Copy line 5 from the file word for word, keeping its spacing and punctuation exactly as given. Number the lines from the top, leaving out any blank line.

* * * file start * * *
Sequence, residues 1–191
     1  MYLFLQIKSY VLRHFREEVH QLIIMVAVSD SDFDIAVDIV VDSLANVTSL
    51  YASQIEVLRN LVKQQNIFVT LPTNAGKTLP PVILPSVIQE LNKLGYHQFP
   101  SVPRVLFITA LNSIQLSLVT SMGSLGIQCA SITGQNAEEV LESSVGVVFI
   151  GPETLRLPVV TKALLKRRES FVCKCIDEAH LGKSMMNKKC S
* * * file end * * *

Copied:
   151  GPETLRLPVV TKALLKRRES FVCKCIDEAH LGKSMMNKKC S